First, I dug into this great book:
Then I decided to try something they suggest, which is teaching the majority of concepts through story problems. The cool thing about doing that is that you are teaching multiple things at a time: reading comprehension, how to show your thinking, writing in complete sentences, using composite strategies, explaining your strategies, and self-evaluation all at one time.
I wanted my kids to work on their doubles facts and use known facts to solve story problems, so here's how we did it. First, we used this poster to learn how to talk (and listen!!) to each other.
|In the far right corner, that's supposed to be a question mark--it got cut off. Sorry!|
Then we read this book together:
|(My sight-translation skills are getting better...)|
and we learned the definition of the word duplicar, which we reviewed daily. We solved lots of 2- and 3- addend story problems with doubles in them. Then I gave them some number strings with doubles in them. Every day we spent time talking with each other in partners, small groups, and large group about our strategies.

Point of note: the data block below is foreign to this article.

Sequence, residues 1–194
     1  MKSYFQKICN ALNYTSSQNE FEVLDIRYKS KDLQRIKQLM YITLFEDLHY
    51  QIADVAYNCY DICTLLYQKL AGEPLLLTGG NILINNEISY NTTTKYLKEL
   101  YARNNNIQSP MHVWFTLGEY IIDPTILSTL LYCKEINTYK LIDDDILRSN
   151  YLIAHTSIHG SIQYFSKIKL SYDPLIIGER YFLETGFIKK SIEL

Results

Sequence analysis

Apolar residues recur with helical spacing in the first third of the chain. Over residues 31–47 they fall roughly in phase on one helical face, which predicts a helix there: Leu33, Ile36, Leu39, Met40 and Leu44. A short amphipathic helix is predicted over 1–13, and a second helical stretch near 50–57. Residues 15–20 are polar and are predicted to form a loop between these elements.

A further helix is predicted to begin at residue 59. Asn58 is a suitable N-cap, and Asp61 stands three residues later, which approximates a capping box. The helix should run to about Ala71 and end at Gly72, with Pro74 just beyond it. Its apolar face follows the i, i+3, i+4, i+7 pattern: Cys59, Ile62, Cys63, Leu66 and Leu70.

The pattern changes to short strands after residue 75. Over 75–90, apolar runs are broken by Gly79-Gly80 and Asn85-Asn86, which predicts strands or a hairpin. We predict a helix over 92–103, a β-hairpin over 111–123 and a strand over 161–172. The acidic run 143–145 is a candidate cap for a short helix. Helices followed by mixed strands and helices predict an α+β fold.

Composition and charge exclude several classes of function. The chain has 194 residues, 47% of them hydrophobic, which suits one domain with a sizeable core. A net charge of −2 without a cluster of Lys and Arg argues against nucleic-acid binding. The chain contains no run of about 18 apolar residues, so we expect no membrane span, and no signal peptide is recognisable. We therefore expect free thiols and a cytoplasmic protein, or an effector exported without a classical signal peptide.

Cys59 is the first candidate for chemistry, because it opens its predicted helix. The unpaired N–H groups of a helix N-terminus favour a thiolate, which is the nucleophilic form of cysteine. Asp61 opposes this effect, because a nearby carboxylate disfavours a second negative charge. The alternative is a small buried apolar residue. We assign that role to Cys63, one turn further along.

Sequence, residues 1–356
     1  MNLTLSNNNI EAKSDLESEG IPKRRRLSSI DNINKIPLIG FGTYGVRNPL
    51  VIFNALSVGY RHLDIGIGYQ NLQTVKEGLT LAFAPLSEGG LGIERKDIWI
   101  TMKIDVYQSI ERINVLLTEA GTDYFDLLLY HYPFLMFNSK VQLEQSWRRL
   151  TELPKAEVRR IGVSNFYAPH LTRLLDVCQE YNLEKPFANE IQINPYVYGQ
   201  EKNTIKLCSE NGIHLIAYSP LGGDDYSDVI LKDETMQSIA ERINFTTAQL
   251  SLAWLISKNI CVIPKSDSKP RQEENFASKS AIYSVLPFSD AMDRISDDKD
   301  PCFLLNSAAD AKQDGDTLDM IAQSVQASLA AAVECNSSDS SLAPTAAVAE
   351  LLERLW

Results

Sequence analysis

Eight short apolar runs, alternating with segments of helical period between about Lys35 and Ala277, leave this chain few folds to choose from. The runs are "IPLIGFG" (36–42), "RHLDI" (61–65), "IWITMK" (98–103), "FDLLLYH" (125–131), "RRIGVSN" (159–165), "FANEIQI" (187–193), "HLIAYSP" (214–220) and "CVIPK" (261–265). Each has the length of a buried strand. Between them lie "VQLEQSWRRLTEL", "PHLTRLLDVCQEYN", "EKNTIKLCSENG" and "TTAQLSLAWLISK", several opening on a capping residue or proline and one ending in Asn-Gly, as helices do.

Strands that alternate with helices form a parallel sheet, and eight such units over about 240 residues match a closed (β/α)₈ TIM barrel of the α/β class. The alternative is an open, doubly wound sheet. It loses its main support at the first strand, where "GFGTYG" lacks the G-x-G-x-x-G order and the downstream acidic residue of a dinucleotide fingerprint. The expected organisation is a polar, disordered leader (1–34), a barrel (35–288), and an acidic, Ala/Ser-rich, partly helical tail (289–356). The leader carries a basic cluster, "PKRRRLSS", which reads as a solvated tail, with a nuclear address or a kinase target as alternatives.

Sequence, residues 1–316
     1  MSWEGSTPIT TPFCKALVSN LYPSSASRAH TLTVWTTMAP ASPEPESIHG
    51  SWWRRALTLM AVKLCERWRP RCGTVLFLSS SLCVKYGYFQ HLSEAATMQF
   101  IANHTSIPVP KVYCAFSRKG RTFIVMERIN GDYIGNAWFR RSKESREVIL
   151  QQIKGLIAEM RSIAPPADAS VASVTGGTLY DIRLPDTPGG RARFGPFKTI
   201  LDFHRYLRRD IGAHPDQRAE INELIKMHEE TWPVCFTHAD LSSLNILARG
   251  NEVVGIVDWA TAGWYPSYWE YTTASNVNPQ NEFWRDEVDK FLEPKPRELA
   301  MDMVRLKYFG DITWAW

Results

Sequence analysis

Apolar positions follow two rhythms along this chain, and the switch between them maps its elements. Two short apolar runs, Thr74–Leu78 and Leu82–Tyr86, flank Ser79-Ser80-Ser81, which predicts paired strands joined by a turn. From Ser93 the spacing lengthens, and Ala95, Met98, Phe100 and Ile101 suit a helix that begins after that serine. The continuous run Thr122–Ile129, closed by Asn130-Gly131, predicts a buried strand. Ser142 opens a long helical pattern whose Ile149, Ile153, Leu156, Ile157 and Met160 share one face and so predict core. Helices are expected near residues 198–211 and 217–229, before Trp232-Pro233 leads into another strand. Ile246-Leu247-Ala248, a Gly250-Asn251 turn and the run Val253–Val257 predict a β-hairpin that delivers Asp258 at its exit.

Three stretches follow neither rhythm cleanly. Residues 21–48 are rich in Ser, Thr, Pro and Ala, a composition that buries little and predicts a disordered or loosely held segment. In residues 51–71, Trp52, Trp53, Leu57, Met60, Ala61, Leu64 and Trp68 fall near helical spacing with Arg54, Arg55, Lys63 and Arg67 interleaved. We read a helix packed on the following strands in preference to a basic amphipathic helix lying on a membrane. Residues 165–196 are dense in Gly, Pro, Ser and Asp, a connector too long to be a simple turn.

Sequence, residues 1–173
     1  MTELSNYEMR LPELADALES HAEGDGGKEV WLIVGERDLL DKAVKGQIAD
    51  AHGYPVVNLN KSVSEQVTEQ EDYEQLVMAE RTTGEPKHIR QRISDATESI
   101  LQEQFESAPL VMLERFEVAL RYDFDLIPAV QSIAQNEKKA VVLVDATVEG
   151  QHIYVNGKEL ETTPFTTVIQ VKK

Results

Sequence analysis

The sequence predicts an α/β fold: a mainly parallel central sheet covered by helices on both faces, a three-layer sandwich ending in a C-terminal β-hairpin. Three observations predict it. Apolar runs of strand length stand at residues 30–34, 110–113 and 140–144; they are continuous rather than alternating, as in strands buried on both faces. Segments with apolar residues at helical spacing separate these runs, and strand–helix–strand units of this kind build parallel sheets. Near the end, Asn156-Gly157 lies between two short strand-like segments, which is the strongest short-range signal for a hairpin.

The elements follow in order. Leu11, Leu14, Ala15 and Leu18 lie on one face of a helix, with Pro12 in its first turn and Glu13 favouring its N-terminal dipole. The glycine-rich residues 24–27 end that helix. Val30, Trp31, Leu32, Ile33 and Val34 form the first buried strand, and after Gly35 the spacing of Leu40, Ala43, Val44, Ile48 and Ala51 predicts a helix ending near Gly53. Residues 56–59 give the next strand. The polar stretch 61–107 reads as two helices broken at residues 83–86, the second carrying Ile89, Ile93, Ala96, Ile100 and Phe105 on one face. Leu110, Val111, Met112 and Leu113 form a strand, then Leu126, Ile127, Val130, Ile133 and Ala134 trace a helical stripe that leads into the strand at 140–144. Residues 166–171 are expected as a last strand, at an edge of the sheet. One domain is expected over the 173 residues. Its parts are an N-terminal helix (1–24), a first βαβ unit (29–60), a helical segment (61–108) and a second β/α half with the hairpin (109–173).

As we worked together, four amazing things happened:
1. One of my shyest, most struggling children stood up in front of the class and bravely explained how she solved a problem.
2. Another student who is similarly shy and has trouble with math jumped from counting by ones to independent composite thinking, just by talking with a friend.
3. My kids have these intense debates with each other about what they think and why--the moment I'm done writing the problem on the board.
4. My students went from doing this:
In. One. Week.
Teaching rocks. 'Nuff said.